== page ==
Director: Frank Pavich
Alejandro Jodorowsky's adaptation of Dune is one of the most influential films never made. It exists in certain forms, such as in the mind of Jodorowsky and the memories of the people who were collaborating on the aborted project with him; in a massive book containing story boards, costume and set designs; and in the wealth of science fiction films that have been released in the decades since the plug got pulled on Jodorowsky's project; but his grand, slightly insane vision never made it to the big screen. Director Frank Pavich's documentary Jodorowsky's Dune does its best to rectify that, letting Jodorowsky talk about what he would have done and how he would have done it and bringing bits of it to life through animation. The result is a delightful film about the triumphs and heartbreaks of making art, the endurance of passion and ideas, and that oh so intriguing question: what if?
By 1974 writer/director Alejandro Jodorowsky had already made his mark with his films El Topo and The Holy Mountain, two bizarre but visionary films which would attain cult status, when he teamed up with producer Michel Seydoux to tackle an adaptation of Frank Herbert's science fiction epic Dune. Although he hadn't actually read the novel when he decided to make the adaptation his next project, Jodorowsky quickly threw himself into it and set about making it his own, putting together a dream team of artists who could help him bring his ideas to life on screen. Among them were the artists and illustrators Moebius, H.R. Giger, and Chris Foss, and special effects artist Dan O'Bannon (who would go on to become better known as the screenwriter of such films as Alien and Total Recall), who helped create the storyboards and costume and production designs which are the only tangible things remaining which indicate what Jodorowsky's version of Dune would have looked like. Hilariously, none of them had read the book either and were merely going by what Jodorowsky was telling them, but as this documentary proves, Jodorowsky is a masterful and deeply engaging storyteller, so it's easy to understand how, on his word alone, these artists were able to create such distinctive, beautiful, and atmospheric images.
Having assembled key members of the behind the scenes team, Jodorowsky then set about putting together an on screen team, the likes of which had never been seen before and have yet to be seen since. He made an agreement to cast Salvador Dali in a small role at the cost of $100,000 per minute of screen time, and got Orson Welles on board by promising to have his favorite gourmet chef from Paris on hand to prepare all his meals. Other cast members would include David Carradine, Gloria Swanson, and Mick Jagger, and the role of the story's hero would be played by Jodorowsky's son, Brontis, who was subjected to a grueling training regimen in preparation for the role. Pink Floyd was set to provide the music. This wasn't just going to be an event movie; this was going to be the biggest, strangest, most epic movie ever made. It was also going to be about 14 hours long, and would have required special effects work to be a couple of decades ahead of where it actually was in order to pull off some of what Jodorowsky had planned, which is why, even after having already sunk $2 million into pre-production costs, the whole thing ended up being called off. Even 30 plus years after the fact, the disappointment of that decision is still obviously felt by all of those involved, who give the sense that they knew they were on the verge of being a part of something special and then had to watch as it crumbled to dust, all that work for naught.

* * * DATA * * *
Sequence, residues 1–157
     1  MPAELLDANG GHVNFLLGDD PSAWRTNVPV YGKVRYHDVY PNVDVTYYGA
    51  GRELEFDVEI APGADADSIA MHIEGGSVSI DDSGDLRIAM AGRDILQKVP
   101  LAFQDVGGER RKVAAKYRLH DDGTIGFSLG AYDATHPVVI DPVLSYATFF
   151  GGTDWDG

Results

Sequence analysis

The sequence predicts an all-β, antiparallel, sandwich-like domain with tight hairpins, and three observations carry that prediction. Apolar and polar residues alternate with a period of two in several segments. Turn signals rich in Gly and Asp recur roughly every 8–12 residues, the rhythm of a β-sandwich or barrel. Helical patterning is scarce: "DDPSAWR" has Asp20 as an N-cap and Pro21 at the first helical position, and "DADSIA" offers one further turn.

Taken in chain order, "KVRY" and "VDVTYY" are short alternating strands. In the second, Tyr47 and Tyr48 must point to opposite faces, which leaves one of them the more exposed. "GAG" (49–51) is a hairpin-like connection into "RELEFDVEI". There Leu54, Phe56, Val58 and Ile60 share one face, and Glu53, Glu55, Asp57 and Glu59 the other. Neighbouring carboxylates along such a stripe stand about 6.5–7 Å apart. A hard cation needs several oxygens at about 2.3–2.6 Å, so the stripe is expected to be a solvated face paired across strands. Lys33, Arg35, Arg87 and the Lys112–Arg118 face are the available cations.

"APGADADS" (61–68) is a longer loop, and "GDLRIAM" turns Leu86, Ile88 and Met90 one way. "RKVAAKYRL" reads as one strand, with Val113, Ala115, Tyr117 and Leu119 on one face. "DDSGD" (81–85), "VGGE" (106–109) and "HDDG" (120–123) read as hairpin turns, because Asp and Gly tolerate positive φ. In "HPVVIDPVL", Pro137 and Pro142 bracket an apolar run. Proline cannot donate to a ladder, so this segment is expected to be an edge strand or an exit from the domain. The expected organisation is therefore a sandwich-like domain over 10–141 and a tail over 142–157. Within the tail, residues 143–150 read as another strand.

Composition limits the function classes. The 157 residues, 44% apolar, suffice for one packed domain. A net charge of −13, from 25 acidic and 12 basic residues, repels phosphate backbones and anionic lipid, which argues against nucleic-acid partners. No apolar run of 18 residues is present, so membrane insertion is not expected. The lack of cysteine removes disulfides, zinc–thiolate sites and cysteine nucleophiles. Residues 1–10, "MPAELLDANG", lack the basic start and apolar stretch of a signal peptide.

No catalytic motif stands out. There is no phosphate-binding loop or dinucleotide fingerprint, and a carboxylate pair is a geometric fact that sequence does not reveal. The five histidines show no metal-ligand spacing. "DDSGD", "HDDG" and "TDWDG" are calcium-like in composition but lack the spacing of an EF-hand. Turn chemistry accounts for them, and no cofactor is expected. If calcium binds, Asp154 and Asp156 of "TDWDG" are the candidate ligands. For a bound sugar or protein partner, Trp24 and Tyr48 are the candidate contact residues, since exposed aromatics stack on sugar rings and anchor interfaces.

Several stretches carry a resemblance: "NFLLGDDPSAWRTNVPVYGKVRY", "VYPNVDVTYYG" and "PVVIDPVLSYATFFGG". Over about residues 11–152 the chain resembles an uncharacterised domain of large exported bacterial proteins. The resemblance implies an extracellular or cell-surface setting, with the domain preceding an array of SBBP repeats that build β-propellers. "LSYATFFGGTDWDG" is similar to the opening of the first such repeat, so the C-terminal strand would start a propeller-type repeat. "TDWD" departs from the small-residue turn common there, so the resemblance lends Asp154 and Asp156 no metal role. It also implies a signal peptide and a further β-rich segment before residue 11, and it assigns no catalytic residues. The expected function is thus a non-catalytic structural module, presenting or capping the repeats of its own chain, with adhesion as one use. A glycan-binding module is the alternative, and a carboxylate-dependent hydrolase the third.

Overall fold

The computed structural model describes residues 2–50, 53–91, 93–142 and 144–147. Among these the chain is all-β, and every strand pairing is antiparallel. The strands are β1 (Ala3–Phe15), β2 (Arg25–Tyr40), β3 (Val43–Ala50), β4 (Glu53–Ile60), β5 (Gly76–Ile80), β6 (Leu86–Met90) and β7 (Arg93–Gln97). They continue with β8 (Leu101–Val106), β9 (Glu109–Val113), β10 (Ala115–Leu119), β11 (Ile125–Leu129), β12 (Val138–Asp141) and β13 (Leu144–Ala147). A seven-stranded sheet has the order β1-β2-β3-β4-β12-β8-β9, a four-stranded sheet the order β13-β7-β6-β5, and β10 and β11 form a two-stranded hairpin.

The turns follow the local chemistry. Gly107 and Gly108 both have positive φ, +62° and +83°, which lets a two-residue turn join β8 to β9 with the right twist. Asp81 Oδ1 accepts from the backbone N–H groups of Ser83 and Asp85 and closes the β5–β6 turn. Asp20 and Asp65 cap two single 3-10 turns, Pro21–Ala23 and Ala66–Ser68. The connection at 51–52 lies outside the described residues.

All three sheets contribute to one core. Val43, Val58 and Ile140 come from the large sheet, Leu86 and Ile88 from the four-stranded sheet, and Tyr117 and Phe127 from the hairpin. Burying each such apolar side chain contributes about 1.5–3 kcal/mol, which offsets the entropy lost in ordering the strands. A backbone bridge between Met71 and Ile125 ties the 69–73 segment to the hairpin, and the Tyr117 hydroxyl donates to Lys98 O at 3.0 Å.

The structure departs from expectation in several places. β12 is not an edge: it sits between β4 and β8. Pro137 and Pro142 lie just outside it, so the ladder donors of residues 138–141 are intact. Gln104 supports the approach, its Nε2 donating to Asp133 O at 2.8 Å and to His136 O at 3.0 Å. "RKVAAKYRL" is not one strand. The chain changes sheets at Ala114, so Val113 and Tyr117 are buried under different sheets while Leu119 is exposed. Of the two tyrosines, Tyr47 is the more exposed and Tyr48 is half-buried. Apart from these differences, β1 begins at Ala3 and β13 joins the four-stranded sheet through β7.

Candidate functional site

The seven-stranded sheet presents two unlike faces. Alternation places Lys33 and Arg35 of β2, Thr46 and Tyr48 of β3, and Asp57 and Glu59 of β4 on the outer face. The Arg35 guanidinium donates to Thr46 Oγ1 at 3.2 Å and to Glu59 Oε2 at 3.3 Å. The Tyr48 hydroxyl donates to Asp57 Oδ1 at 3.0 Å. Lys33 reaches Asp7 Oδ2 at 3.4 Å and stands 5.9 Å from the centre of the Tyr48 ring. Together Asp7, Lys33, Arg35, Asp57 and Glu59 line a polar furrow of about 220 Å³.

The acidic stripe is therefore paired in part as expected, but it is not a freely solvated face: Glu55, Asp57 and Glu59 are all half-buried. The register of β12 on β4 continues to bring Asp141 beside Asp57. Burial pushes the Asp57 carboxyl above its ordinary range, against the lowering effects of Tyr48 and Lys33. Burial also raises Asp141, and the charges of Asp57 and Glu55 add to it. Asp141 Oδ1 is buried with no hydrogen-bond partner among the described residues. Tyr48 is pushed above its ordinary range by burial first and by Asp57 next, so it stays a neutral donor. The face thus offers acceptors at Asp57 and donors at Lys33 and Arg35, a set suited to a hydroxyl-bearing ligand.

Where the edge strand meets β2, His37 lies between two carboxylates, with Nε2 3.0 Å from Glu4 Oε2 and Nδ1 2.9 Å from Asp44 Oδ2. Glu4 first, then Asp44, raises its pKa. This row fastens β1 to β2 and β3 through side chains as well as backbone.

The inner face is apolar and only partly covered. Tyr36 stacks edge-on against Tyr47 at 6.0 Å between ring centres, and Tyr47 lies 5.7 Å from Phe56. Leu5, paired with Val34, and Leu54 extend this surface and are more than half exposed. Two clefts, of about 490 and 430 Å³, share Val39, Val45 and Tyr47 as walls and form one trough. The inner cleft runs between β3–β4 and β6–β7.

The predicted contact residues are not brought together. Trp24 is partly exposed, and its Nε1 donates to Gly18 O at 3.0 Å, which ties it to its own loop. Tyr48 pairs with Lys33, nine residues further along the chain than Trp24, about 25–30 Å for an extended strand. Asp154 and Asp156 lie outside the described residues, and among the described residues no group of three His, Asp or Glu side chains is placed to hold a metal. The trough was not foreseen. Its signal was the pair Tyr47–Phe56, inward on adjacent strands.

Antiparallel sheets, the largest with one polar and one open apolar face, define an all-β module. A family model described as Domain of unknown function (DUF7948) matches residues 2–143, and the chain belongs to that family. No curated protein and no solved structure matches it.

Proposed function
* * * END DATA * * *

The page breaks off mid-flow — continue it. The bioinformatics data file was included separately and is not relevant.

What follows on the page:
Yet, though the film itself did not come to fruition, Jodorowsky's Dune argues that the work itself still managed to see the light of day. Shots and scenes from such films as Alien, The Terminator and, particularly, Star Wars (as well as others) are compared with the artwork prepared for Jodorowsky's film to show how the would-be epic was essentially stripped for parts after production was shut down so that, even though the film doesn't exist in the form that Jodorowsky designed and intended and that audiences can access, it does nevertheless echo through decades worth of science fiction films. It's a bittersweet victory, but still, in its way, a victory. Also a victory, at least for Jodorowsky, is what would eventually happen with Dune, which was eventually made by David Lynch and released in 1984. Jodorowsky's description of being dragged to see the film, afraid to see a director he respected pull off what he had failed to do, and then actually sitting down and watching it and... well, I don't want to spoil his reaction to the actual product, because his telling of it was hands down my favorite part of Jodorowsky's Dune and one of the biggest laughs I had at any movie I saw this year.
Jodorowsky's Dune presents a tantalizing picture of a film that might have been and does a fine job of capturing what it once meant and what it still means to those who were involved in it. While Jodorowsky's vision probably never could have come to pass in exactly the way that he wanted it to - the length alone would have made it impossible - Jodorowsky's Dune shows how the filmmaker could have gotten so many people behind that vision and contributing to it, how his enthusiasm would have given them confidence in him and belief in his ability to make it happen. He was mad, but he was also a genius, and though the documentary is fairly conventional in the way that it unfolds, it captures that reckless artistic spirit that drove him and the project forward in the first place. We'll never see what Jodorowsky's film could have been, but as this documentary so effectively argues, it lives on throughout the genre, a vision that has been born and reborn time and time again.